Originally written for a medieval journal, circa 2006
For three to six players works best. The board is laid out as on the previous two pages. On the top row is an Ace, a King, a Queen and a Jack or Valet. On the bottom row is a Ten, a King/Queen combination, a Nine/Eight/Seven combination and the Poker, Poch or Glic space. Each player starts with a number of counters. We usually play with 20—25 pennies, and 10 groats (worth four pennies each).
Phase One: Ante and Deal
Each player puts one penny on any of the compartments on the board, except for the Poker space. The dealer then deals each player four cards.
Phase Two: Sweepstakes
The deck is then cut and whatever suit is revealed is Trump. If anyone has a card in Trump that matches one of the compartments on the board, they win any coins/counters on that compartment. For instance, if a six of hearts is turned up, and I have the Queen of Hearts, I show that card and take all coins on the Queen compartment. If you have the King and Queen, you get the King, Queen, and the King-Queen combination (or marriage). Because the chances of getting a Nine-Eight-Seven combination is unlikely, Ardchreag also allows a flush to take the coins on this compartment.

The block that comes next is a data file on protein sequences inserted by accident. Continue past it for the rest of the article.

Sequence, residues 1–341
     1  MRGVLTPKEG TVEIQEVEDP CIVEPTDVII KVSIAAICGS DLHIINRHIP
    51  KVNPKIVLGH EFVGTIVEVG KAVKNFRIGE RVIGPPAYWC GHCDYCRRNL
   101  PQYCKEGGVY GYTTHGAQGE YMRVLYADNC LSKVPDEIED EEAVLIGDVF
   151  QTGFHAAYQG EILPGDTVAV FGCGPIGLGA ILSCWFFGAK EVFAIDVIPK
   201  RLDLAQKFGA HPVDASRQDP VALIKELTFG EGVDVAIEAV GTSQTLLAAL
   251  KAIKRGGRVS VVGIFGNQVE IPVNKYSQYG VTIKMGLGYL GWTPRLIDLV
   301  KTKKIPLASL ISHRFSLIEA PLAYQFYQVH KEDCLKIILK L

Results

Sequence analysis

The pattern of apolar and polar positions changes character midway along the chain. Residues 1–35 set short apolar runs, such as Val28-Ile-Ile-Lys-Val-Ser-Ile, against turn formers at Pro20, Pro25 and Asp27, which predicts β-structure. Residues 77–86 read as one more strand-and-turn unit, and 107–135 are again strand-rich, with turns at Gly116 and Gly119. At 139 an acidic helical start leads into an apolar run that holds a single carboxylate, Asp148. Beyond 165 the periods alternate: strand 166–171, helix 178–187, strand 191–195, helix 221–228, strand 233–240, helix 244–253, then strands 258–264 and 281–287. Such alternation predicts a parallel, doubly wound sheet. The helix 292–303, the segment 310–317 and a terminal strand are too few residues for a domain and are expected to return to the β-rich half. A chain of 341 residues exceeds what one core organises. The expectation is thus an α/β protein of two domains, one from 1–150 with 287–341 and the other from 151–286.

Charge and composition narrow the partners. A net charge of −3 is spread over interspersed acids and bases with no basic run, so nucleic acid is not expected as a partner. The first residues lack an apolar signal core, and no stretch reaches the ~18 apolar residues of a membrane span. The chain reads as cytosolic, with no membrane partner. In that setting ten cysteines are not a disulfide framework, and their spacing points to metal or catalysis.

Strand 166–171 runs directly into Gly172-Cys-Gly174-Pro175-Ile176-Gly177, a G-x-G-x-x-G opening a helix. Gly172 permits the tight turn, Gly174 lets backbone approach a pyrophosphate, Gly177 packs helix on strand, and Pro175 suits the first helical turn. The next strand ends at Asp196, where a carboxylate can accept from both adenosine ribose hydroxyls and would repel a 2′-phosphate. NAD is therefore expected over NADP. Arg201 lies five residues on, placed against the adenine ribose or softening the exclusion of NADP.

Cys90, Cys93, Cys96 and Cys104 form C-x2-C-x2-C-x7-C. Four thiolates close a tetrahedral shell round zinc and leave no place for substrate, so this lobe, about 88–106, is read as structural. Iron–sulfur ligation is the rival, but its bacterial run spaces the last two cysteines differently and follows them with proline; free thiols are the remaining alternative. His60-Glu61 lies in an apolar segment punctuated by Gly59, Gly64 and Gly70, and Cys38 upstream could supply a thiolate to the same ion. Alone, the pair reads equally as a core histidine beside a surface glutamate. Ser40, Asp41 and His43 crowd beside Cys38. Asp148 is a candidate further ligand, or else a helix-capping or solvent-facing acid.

Phase Three: Poker
Starting with the player to the left of the Dealer, players place bets on the Poker compartment. Winning hands are in the following order: Four of a Kind, Three of a Kind, Two Pairs, One Pair, high Card. In case of a tie, the hand with the highest card in the Trump suit wins. The winner takes all the coins from the Poker compartment.
Phase Four: Countdown
The player who wins the Poker round begins the Countdown by placing a card on the table. Each subsequent player, if they are able, place a card on top trying not to exceed 31. Face/Court cards count as 10 and an Ace is 1. If a player cannot play without going over 31 play proceeds to the next player. The last player to be able to play is given a penny by all the other players, and then begins a new Countdown. When a player runs out of cards all other players must pay them a penny for every card still in their hand. If they player goes out on a 31, every other player pays him an extra penny.
Glic was a game in 15th and 16th C. France with English and German variants. This is the variant that has sprung up in Ealdormere (as Ontario is known in the SCA).